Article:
Glossary of Theological Terms Used in the Study of the End Times ~ Part 1

The End Times

In my last post, we reviewed what Yeshua had to say about the End Times in the Olivet Discourse contained in Matthew 24 & 25.  I pray that you have had a chance to review that by now.  In this post, as in the last series we did on Eternal Security, I want to start with a glossary of terms that are commonly used in a study of the End Times.

Eschatology
From Gk. eschatos, “last,” and logos, “study.”  A theological term employed to designate the doctrine of last things, particularly those dealing with the second coming of Christ and the events preceding and following this great event. [1]

There are two basic ways of approaching eschatology. The first, which has been most common over the centuries, focuses on those final events or situations which have not yet occurred. These are, chiefly, Jesus’ return, the millennium, the last judgment, the final resurrection, and heaven and hell. Over the last century, however, scholars have generally agreed that the New Testament was written in an atmosphere pervaded by eschatology. Early Christianity was rooted in the paradoxical conviction that the last things had “already” occurred, even though they were “not yet” fully completed. (Jesus’ resurrection, for instance, was understood as the beginning of the final resurrection of the dead. [2] This conviction lay at the heart of the early church’s joy and hope. It shaped its understanding of Jesus, salvation, mission, and all else. Accordingly, when scholars speak of eschatology today, they are often referring not simply to events which have “not yet” occurred, but chiefly to the way in which the last things are “already” present, and to the attitudes and expectations which this arouses. [3]

In Sha’ul’s writings to the church in Thessalonica, he was reassuring the Believers that “we who remain alive when the Lord comes will certainly not take precedence over those who have died. For the Lord himself will come down from heaven with a rousing cry, with a call from one of the ruling angels, and with God’s shofar; those who died united with the Messiah will be the first to rise; then we who are left still alive will be caught up with them in the clouds to meet the Lord in the air; and thus we will always be with the Lord. ~ 1 Thessalonians 4:15-17 (CJB)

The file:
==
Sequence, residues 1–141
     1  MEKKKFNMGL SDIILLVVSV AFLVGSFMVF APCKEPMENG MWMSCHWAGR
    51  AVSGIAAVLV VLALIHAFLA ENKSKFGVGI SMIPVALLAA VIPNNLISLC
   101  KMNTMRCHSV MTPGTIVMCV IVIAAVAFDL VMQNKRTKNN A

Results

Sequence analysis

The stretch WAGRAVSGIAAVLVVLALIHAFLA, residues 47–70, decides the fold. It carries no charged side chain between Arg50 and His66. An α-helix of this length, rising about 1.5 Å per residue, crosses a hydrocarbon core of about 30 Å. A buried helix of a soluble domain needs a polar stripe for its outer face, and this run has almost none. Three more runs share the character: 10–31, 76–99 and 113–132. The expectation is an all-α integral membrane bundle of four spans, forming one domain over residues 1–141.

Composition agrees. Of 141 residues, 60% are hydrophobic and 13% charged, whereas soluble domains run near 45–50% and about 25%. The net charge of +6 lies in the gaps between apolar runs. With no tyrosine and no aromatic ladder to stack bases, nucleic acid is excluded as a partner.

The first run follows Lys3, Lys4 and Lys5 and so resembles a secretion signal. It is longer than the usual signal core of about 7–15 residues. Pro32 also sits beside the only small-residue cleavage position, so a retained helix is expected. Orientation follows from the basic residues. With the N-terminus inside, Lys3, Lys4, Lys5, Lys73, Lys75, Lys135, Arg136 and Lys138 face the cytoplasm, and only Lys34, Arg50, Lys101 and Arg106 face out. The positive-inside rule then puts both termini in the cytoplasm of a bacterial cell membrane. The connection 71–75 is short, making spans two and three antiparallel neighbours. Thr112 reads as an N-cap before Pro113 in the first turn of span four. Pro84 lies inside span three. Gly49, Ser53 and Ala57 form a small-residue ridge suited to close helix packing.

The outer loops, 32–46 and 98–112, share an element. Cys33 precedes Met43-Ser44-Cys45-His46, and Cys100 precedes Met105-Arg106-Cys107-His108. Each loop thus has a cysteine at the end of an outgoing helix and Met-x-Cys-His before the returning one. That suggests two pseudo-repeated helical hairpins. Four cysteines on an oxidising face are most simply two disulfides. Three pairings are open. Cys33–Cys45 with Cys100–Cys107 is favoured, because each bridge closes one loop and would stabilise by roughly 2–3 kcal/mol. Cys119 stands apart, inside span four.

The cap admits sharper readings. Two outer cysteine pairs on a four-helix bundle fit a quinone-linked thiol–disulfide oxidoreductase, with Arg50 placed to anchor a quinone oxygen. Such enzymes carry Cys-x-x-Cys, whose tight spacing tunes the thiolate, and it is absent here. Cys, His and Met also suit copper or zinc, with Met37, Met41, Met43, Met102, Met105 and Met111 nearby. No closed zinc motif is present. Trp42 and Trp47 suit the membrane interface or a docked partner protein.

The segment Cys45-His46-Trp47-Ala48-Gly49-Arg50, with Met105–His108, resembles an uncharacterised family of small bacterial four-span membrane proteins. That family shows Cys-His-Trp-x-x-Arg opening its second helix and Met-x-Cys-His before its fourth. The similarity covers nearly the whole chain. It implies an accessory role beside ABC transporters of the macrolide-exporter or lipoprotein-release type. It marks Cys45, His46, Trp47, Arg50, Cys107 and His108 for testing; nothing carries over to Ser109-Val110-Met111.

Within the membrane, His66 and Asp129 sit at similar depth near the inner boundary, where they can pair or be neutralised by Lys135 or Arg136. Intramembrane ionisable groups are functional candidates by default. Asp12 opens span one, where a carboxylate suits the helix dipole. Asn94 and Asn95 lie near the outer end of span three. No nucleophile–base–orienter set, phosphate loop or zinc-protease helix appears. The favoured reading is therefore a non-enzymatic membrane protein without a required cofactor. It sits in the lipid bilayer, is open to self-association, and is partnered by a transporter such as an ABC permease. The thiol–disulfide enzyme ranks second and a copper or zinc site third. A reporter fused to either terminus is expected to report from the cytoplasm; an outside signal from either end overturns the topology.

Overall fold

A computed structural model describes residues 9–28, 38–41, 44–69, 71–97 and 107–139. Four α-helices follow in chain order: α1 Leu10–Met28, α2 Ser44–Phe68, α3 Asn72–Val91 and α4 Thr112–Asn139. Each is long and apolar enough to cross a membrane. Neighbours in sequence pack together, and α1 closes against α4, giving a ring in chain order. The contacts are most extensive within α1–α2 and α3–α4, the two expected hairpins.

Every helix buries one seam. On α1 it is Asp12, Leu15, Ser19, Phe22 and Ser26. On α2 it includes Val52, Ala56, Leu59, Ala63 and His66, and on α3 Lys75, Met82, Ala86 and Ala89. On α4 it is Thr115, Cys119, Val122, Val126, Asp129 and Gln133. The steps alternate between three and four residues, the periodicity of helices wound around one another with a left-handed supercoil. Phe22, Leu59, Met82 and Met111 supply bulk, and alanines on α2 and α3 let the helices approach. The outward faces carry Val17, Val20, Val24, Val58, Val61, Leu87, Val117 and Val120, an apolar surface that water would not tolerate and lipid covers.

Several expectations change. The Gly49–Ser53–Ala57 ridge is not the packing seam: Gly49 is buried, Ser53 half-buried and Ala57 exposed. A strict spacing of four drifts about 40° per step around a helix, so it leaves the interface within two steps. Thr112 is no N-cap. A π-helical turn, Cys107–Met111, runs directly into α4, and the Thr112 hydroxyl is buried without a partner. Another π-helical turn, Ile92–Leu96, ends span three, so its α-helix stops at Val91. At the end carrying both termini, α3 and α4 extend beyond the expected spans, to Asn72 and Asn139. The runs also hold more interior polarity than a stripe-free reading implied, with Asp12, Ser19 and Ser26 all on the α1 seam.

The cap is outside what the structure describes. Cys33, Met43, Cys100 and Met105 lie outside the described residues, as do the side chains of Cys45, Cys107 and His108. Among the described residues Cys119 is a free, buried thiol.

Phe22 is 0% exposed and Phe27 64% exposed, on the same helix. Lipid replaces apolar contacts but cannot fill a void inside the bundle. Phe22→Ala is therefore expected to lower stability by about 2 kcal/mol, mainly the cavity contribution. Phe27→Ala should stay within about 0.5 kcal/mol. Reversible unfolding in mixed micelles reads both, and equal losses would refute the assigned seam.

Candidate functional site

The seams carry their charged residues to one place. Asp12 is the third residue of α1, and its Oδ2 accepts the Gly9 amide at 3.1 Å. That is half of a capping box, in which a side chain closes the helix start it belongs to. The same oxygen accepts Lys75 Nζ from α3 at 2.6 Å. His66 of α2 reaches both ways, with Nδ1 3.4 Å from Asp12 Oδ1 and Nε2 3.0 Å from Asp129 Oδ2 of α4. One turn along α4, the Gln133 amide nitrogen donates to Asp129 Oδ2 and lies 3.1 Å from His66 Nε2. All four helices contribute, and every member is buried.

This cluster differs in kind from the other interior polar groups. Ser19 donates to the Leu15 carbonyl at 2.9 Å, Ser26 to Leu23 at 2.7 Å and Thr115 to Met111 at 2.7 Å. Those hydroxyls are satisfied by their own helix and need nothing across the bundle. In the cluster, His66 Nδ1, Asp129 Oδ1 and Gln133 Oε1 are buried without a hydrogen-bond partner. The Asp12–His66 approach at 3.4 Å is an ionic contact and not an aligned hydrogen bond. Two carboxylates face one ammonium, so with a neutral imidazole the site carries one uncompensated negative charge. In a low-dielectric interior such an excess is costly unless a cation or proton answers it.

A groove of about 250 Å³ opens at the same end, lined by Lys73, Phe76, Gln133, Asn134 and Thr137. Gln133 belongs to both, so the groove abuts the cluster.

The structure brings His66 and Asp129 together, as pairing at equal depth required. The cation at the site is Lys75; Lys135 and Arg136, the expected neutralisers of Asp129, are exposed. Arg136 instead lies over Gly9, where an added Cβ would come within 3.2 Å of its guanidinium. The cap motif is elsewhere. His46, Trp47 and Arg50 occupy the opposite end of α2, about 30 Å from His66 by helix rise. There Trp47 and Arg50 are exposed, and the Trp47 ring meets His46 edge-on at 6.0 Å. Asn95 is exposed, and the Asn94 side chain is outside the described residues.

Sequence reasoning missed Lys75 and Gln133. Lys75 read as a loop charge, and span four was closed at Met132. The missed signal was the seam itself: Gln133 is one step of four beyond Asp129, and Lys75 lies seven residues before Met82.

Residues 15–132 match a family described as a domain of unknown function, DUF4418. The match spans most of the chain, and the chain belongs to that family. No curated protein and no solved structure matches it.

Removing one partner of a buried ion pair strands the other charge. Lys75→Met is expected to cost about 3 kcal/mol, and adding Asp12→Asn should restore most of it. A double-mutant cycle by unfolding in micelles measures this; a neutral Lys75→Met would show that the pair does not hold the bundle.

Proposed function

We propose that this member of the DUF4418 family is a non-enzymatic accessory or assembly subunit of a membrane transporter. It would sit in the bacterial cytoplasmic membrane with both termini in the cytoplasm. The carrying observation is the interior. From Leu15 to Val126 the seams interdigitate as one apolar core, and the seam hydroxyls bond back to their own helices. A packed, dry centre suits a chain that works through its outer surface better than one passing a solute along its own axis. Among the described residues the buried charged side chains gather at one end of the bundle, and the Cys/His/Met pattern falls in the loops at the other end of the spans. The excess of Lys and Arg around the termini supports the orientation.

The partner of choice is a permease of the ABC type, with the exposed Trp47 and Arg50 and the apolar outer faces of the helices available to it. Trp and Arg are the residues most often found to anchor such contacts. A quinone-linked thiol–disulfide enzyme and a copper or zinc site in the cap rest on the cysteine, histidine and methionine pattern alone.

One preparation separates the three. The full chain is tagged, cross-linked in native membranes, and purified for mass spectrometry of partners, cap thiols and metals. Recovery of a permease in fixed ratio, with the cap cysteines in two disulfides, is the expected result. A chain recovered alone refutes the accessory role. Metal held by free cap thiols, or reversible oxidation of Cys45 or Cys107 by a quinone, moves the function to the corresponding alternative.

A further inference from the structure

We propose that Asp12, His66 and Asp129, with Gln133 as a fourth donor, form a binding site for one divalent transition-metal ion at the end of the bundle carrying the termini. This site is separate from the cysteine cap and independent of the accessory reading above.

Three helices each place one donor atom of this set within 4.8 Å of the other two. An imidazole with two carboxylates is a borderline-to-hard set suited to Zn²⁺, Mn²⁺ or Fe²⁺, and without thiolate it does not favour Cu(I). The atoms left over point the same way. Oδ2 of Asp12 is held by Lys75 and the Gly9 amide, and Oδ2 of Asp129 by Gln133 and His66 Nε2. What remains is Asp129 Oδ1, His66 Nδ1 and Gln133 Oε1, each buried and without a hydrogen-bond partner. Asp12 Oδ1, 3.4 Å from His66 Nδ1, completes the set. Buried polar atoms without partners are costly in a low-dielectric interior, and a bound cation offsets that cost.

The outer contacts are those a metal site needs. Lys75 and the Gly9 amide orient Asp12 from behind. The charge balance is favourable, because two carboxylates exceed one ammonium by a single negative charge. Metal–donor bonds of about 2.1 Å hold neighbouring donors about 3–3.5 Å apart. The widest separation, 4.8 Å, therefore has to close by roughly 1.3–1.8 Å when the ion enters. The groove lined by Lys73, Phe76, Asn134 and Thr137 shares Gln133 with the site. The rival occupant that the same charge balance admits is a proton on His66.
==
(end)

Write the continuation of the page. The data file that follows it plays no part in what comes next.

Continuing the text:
In my research for this series I ran across the following quote regarding the study of eschatology that I think we all need to keep in mind as we proceed on our digging into this subject:

“One of the greatest needs in the discussion of eschatology is humility. We should seek to keep a proper perspective on such matters—not elevating a minor issue to a major one, or making a litmus test out of debatable doctrine. This does not mean that we cannot have convictions on debatable matters, but we must recognize our finitude and the lack of explicit clarity in the Bible on some eschatological issues. Below is a brief list of end-times matters on which Christians legitimately disagree.” [4]

Plummer goes on to specifically list: The Rapture, The Book of Revelation, The Millennium, and The Nation of Israel.

The Four Views [5]
There are four commonly accepted Messianic views for interpreting the Book of Revelation.  During this series, I will be sharing each as we do our verse-by-verse study for those camps that have taken a position on the subject.  It may be helpful to print out the PDF version (see below) and keep it handy to refer back to as we go along.
Historicist Approach:
This is the classical Protestant interpretation and sees Revelation as a prewritten record of the course of history from the time that Yochanan transcribed the message to the end of the world.  Fulfillment is in progress at present and has been unfolding since Yeshua’s resurrection.
Preterist Approach:
This views Revelation’s prophecies as already having occurred in the ancient past.  While they were future to Yochanan when he transcribed, they are now past from our vantage point.    I must admit, it’s hard for me to wrap by head around this view.
Futurist Approach:
This view asserts that most prophecies of Revelation have not been fulfilled and await future fulfillment.  Many who hold this view apply everything after Chapter 4 to a relatively brief period of time before the return of Yeshua.
Idealist Approach:
This view does not attempt to find individual fulfillments of the visions but takes Revelation to be a great drama depicting transcendent spiritual realities between Yeshua and HaSatan.

In my next post, I want to define dispensationalism and present the most popular views of the millennium and rapture of the saints before we start dissecting Revelation.  As we go through the letter, I’ll do my best to present the different views as we come to passages that are interpreted differently by the adherents to those views.

Click her for PDF Version.

[1] The New Unger’s Bible Dictionary.

[2] “But the fact is that the Messiah has been raised from the dead, the firstfruits of those who have died.” 1 Corinthians 15:20

[3] Holman Bible Dictionary.

[4] 40 Questions About Interpreting Bible by Robert L. Plummer

[5] Revelation: Four Views, Revised & Updated by Steve Gregg.  I will be using this text extensively, but not exclusively, as we dig into this fascinating book of God’s Word.  For the serious student, I would highly recommend purchasing your own copy.  I got mine on Amazon.

 

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